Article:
Last Friday, shares of Corinthian Colleges (UNKNOWN:COCOQ.DL) sank 4% to a new 52-week low of $1.68. This represents a 43.4% decrease from the company's 52-week high of $2.97 and signals that tougher times may await the company and its shareholders. However, amid this decline, is it possible that some money is left on the table for the Foolish investor to swipe away before somebody else does?
Fundamentals are mixed
In the for-profit education sector, Corinthian has been one of the most resilient companies in regards to protecting its revenue stream amid increased regulation. Out of concern that for-profit colleges are consuming too many taxpayer dollars and taking advantage of underprivileged individuals by charging too much for the quality of education they receive, the federal government has imposed specific regulations against them.
As a result of these regulations, enrollment rates have declined and revenue has dropped precipitously. This is best demonstrated in the following graph:
The graph above, which uses $1,000 as a base measure for each institution, illustrates the revenue growth of Apollo Education Group (NASDAQ:APOL), ITT Educational Services (NASDAQOTH:ESINQ), Career Education (NASDAQ:CECO), and Corinthian, four leading for-profit colleges. As we can see, revenue for these schools has been experiencing a general decline since 2010, but Corinthian has, undoubtedly, performed the best.
Even as ITT and Career Education continued to fall through 2012 (no complete 2013 fiscal year data is available yet), and as Apollo has seen its decline continue into 2013, Corinthian experienced a modest downturn. This was followed by a slight uptick in revenue in 2013, despite difficult times for the industry.
Based on this metric alone, investors might assume that Corinthian is the most attractive investment prospect of the four. However, the company's attractive top line resistance has come at the cost of its profitability.
As we can see, Corinthian performed quite well compared to its peers until 2011, when its revenue began declining. Around this time, slightly lower revenue, combined with higher costs and, in 2011, a $220.1 million impairment slammed the company's earnings. While removing the effects of the impairment would make the decline in earnings less drastic, the results are still terrible and lag both Apollo and ITT.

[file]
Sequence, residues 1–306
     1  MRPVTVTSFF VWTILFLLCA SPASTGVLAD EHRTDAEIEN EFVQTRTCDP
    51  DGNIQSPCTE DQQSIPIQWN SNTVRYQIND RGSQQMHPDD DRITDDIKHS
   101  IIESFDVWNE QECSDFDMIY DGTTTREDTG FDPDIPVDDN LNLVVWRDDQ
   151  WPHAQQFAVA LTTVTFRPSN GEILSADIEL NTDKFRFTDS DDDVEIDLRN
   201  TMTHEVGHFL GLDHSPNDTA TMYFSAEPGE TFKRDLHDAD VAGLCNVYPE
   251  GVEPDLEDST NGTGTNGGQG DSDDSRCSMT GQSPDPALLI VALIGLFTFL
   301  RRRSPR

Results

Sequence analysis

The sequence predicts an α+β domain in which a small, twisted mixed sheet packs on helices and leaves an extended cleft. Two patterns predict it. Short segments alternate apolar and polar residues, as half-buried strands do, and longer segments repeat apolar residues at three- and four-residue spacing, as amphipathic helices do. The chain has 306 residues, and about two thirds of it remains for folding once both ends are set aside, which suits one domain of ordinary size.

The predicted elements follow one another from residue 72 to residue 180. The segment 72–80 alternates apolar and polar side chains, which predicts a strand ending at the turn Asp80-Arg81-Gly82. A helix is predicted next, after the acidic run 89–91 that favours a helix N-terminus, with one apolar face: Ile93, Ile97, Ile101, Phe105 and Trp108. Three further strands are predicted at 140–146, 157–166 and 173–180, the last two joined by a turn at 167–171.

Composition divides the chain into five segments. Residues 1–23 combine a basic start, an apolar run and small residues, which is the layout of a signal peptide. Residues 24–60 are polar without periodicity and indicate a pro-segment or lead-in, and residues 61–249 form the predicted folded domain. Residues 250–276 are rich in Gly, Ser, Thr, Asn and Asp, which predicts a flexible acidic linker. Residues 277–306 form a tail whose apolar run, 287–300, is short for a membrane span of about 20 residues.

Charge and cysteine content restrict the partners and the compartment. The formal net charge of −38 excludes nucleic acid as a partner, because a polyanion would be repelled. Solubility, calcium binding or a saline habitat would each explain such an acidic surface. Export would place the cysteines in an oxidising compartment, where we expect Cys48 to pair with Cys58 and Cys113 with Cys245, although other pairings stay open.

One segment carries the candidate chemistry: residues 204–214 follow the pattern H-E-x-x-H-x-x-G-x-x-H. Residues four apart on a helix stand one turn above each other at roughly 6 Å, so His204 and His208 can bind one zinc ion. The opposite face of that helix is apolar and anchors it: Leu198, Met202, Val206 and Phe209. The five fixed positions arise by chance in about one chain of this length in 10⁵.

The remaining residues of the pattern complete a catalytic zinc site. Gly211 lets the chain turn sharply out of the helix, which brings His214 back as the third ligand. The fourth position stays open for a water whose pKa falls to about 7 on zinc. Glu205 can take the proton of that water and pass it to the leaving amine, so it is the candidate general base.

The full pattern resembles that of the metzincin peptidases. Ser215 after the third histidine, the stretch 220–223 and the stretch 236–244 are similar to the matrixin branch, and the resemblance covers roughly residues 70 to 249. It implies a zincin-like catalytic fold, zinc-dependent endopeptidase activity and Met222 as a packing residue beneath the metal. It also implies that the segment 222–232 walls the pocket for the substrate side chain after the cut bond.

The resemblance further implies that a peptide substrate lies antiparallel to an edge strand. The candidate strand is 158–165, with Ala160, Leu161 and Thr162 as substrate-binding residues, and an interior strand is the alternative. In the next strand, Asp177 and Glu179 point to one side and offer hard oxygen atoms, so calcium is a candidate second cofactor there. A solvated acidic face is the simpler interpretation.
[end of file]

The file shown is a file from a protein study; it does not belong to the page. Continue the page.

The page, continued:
But wait! There's more!
Putting profitability aside, there are other factors that investors need to take into consideration before rendering an investment decision. The most important is to ensure that management is abiding by the law at all times. No matter how profitable a company is, it doesn't mean anything if rampant fraud is taking place.
This is the question that came into investor's minds on Friday and the very concern that sent the stock lower. After receiving a civil investigative demand (CID) from the Consumer Financial Protection Bureau (CFPB), Latham & Watkins LLP, the company's law firm, sent a petition to the Bureau requesting that its terms be set aside or modified.
The CID is evidence of an investigation by the CFPB into the company's marketing and origination of student loans to determine if it is engaging in any abusive practices. However, according to the request from Corinthian's law firm, the company believes that the scope of the information demanded would be overly burdensome to retrieve.
It is possible that management is trying to cover something up by making such a request, but it should not be automatically assumed that there is something illegal in the works. As the company points out on page 9 of the request, it currently has over 40 terabytes of data and is adding approximately 100 gigabytes per month. This is a significant amount of data and, when spread across more than 15,000 employees and 80,000 students, could require a great deal of cost and effort to get everything that investigators want to see.
Although Corinthian's revenue has been fairly resistant to changes in the regulatory environment these past few years, the company has paid for it with bottom line impairment. On top of this, the company is one of at least two in its industry (the other being ITT) that is being investigated by the government for potential fraud. This alone isn't the end of the world, but investors perceived its request for more relaxed requirements during the investigation to be telling of what may be taking place.
Daniel Jones has no position in any stocks mentioned. The Motley Fool has no position in any of the stocks mentioned. Try any of our Foolish newsletter services free for 30 days. We Fools may not all hold the same opinions, but we all believe that considering a diverse range of insights makes us better investors. The Motley Fool has a disclosure policy.